C. Michael Petters, Huntington Ingalls Industries

C. Michael Petters

A Part of the History
of the U.S.

Editors’ Note

Mike Petters assumed his current role in March of 2011, when Northrop Grumman Shipbuilding began operating as the newly formed and publicly owned Huntington Ingalls Industries in a spin-off from Northrop Grumman Corp. He is also a member of the HII board of directors. Prior to this appointment, Petters served as President of Northrop Grumman Shipbuilding after having served as President of Northrop Grumman’s Newport News sector. Petters joined Newport News Shipbuilding in 1987 in the Los Angeles-class submarine construction division and then held a number of increasingly responsible positions throughout the organization. Petters earned a bachelor’s degree in physics from the U.S. Naval Academy in 1982, served aboard the nuclear-powered submarine USS George Bancroft, and spent five years in the U.S. Naval Reserve. In 1993, he earned a master’s degree in business administration from the College of William and Mary.

Company Brief

Huntington Ingalls Industries (huntingtoningalls.com; HII) designs, builds, and manages the life-cycle of the most complex nuclear- and conventionally-powered ships for the U.S. Navy and Coast Guard. For more than a century, HII’s Newport News and Ingalls shipbuilding divisions in Virginia and Mississippi have built more ships in more ship classes than any other U.S. naval shipbuilder. HII also provides engineering and project management services expertise to the commercial energy industry, the Department of Energy, and other government customers. Headquartered in Newport News, Virginia, HII employs more than 39,000 people operating both domestically and internationally.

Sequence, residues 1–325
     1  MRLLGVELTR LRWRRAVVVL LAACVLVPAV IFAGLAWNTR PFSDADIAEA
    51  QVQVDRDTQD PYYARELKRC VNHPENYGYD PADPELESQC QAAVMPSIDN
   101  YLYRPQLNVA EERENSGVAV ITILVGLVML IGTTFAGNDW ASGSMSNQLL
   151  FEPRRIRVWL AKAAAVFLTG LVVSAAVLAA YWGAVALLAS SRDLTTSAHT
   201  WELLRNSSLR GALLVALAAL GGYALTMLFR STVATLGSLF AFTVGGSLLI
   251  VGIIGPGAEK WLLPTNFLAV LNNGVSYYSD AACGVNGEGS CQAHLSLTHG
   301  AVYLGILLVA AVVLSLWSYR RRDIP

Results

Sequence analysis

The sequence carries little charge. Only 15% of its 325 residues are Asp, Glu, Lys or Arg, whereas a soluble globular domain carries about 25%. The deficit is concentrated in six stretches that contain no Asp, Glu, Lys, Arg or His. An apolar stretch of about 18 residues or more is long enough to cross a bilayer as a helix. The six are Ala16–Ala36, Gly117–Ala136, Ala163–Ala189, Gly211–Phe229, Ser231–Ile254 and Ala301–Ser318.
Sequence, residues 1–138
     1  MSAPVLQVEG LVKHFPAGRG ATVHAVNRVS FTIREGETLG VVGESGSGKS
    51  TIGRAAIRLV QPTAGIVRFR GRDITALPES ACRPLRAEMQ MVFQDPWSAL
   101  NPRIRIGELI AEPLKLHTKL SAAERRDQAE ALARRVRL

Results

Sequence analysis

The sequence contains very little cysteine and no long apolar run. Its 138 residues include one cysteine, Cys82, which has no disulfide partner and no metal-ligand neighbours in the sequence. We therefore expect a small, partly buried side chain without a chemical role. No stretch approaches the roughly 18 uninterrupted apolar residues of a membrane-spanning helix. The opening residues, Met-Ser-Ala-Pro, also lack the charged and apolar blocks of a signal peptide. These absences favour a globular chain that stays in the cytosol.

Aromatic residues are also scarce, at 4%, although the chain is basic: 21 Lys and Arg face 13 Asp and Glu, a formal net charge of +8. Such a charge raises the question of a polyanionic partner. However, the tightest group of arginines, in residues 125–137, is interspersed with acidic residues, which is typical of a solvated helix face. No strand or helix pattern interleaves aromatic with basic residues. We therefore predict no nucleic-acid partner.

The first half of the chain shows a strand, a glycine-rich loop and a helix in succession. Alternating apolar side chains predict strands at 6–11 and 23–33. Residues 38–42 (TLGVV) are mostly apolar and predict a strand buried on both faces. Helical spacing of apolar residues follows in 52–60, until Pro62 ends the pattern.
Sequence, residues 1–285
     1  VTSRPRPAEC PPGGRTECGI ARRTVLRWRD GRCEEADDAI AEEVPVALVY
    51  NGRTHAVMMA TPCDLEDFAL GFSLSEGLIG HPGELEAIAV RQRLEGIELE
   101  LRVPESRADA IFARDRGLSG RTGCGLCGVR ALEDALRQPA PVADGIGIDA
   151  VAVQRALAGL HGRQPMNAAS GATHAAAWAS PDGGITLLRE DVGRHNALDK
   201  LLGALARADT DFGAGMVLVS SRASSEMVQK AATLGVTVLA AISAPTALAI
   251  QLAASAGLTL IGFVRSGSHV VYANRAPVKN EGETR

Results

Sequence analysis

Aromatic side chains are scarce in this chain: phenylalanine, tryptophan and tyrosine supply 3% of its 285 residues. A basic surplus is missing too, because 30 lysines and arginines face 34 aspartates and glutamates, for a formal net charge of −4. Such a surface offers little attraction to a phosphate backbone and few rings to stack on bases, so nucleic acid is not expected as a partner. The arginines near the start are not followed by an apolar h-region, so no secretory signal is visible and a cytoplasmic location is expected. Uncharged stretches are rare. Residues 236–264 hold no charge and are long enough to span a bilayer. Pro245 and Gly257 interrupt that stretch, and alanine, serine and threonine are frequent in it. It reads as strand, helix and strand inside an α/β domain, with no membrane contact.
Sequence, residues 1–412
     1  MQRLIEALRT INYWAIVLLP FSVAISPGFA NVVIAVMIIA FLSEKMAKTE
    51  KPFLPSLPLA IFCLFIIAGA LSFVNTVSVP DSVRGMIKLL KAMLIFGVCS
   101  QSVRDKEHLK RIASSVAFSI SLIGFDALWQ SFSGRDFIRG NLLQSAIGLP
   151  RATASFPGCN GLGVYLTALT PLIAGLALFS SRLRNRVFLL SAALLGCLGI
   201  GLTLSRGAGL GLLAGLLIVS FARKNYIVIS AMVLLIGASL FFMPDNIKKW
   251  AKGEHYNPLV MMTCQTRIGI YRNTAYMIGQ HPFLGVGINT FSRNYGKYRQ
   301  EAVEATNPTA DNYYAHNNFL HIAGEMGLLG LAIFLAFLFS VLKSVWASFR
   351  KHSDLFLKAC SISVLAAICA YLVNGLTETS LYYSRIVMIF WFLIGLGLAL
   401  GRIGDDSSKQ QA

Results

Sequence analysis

What has helped this company perform so well over such a long period of time?

You don’t make it 128 years without being innovative and creative. The ships we’re building today in our shipyards are really for the administration after next, so we have a horizon that is pretty far out.

One of the CEOs in this organization said many years ago that short-term decisions are political and long-term decisions are economical. So we think about today’s politics and tomorrow’s economics.

Huntington Ingalls Industries headquarters (foreground);
USS Enterprise and USS Theodore Roosevelt aircraft carriers
at Newport News Shipbuilding’s piers (background)

What kind of innovation is taking place within the company?

It occurs in all dimensions of the business. We’re building an aircraft carrier today that has substantially more power density and the ability to launch and recover more aircraft than anything that has been built before. We’re also doing this with less manpower on the ship than ever before.

You don’t achieve that just by working hard – you have to insert technology into the platform and take advantage of new developments.

We think about innovation in terms of process, product, and technology but, in this business, young sailors are going into harm’s way in our ships. If we’re going to put an innovation in our ships, it has to be right. It’s a tall order and a standard we have to live up to.

How do you attract the talent you need?

We invest heavily in the workforce development pipeline, and in programs in our local community colleges and schools. We’re the largest employer in Mississippi and Virginia. We’re tied directly to the governors’ offices in both states as it relates to the development of that pipeline and are engaged at every level of that development.